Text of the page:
Total Parenteral Nutrition Nursing Care Plans

Total Parenteral Nutrition (TPN) is a method of administration of essential nutrients to the body through a central vein. TPN therapy is indicated to a client with a weight loss of 10% the ideal weight, an inability to take oral food or fluids within 7 days post surgery, and hypercatabolic situations such as major infection with fever. TPN solutions requires water (30 to 40 mL/kg/day), energy (30 to 45 kcal/kg/day, depending on energy expenditure), amino acids (1.0 to 2.0 g/kg/day, depending on the degree of catabolism), essential fatty acids, electrolytes, vitamins, minerals, and trace elements. These solutions can be adjusted, depending on the presence of organ system impairment or the specific nutritional needs of the client. TPN is usually used in hospital, subacute and long-term care, but it is also used in the home care settings.

Nursing Care Plans

The major goals for the patient undergoing total parental nutrition may include improvement of nutritional status, maintaining fluid balance, and absence of complications.

Here are four (4) total parenteral nutrition nursing care plans (NCP):

  1. Imbalanced Nutrition: Less Than Body Requirements
  2. Risk for Excess Fluid Volume
  3. Risk for Deficient Fluid Volume
  4. Risk for Altered Body Composition
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Imbalanced Nutrition: Less Than Body Requirements


Imbalanced Nutrition: Less Than Body Requirements: Intake of nutrients insufficient to meet metabolic needs.

May be related to

  • GI tract function alterations
  • Lengthy NPO status
  • Increased metabolic rate or other conditions necessitating increased intake such as burns, infections, chemotherapy
  • Refusal to eat due to psychological reasons

Possibly evidenced by

  • Reduced muscle mass
  • Reduced total protein, transferrin, and serum albumin levels
  • Electrolyte imbalances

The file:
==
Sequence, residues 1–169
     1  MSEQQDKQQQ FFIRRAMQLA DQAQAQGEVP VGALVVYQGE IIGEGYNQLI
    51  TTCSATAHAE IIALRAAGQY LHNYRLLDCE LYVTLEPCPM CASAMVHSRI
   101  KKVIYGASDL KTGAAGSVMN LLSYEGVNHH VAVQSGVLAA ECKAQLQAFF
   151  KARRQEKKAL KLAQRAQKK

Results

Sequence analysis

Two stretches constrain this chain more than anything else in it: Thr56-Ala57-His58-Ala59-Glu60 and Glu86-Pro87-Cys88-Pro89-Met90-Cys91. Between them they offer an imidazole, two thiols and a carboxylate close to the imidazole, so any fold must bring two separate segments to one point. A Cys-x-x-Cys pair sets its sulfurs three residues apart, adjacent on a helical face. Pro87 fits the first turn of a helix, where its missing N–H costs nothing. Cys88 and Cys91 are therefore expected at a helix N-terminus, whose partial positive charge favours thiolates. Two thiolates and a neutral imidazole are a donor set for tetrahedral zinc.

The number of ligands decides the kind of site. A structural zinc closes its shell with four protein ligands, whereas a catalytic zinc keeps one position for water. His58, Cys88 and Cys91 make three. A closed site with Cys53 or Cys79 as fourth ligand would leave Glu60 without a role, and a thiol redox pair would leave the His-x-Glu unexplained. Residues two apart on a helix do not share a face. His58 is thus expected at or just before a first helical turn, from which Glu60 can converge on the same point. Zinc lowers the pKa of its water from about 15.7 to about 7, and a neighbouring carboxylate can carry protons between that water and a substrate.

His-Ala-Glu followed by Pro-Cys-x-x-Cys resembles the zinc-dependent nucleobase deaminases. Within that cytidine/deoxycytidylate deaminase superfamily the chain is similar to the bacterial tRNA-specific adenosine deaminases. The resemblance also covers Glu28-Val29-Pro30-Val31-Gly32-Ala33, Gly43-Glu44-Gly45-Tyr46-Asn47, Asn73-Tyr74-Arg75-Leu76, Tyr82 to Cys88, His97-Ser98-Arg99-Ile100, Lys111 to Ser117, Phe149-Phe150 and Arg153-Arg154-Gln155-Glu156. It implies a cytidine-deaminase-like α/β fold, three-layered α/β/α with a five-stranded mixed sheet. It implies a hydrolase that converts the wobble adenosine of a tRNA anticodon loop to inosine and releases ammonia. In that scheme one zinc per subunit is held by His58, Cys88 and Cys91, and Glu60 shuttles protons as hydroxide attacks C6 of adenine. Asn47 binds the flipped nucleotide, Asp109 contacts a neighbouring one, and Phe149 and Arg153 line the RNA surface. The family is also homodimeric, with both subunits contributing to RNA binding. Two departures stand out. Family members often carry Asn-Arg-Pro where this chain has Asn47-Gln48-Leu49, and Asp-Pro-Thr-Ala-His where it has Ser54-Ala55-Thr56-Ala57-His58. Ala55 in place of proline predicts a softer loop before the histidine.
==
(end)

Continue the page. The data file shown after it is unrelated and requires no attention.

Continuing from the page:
• Poor skin turgor
  • Poor wound healing
  • Weight loss below 20% ideal

Desired Outcomes

  • Client will achieve an adequate nutritional status, as evidenced by stable weight or weight gain and by improved albumin levels.
Nursing Interventions Rationale
Assess skin integrity and wound healing. Skin integrity changes and wound healing are used as parameters in monitoring the effectiveness of TPN therapy.
Measure intake and output accurately; Monitor weight daily; Monitor calorie counts, including calories provided by TPN. TPN composition is based on the calculated nutritional needs of the client. Before the therapy is started, a thorough baseline assessment will be completed by health care members which include physicians, nurses, dieticians, and pharmacists is done. Changes in fluid balance, weight, and caloric intake are used to assess TPN effectiveness. Daily weights are done to determine if nutritional goals are being met. Weight is also used to assess fluid volume status. Weight gain of more than 1/2 pound per day may indicate fluid retention.
Assist with the insertion and maintenance of central venous or peripherally inserted central catheters (PICC). Since the osmolality of TPN solution is high, it is administered into the vascular system using a catheter inserted into a central vein with a high-volume blood flow. The tip of the catheter is usually placed in the superior vena cava. X-ray confirmation of accurate catheter placement is necessary before TPN administration is initiated. Normal saline or other isotonic solutions may be infused through the central catheter until placement is confirmed.
Encouraged additional oral fluid intake as indicated. Additional oral fluids may be given to a client receiving TPN to maximize nutritional support. Clients may benefit psychologically from having oral intake, especially at shared mealtimes with family members.
Administer the prescribed rate of TPN solution via an infusion pump. Electronic infusion pumps are used during the therapy to maintain an accurate rate of administration. A delayed administration time of TPN withholds the client of needed nutrition; Rapid administration can precipitate a hyperglycemic crisis because the hormonal response (i.e., insulin) may not be available to allow the use of the increased glucose load.
Collaborate with other nutritional support team, dietician, pharmacy, home health nurse. The risk for most complications that occur in the hospital is decreased when the administration of parenteral nutrition is supervised by an experienced nutritional support team.
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See Also


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Further Reading


Recommended books and resources:

  1. Nursing Care Plans: Diagnoses, Interventions, and Outcomes
  2. Nurse's Pocket Guide: Diagnoses, Prioritized Interventions and Rationales
  3. Nursing Diagnoses 2015-17: Definitions and Classification
  4. Diagnostic and Statistical Manual of Mental Disorders (DSM-V-TR)
  5. Manual of Psychiatric Nursing Care Planning
  6. Maternal Newborn Nursing Care Plans
  7. Delmar's Maternal-Infant Nursing Care Plans, 2nd Edition
  8. Maternal Newborn Nursing Care Plans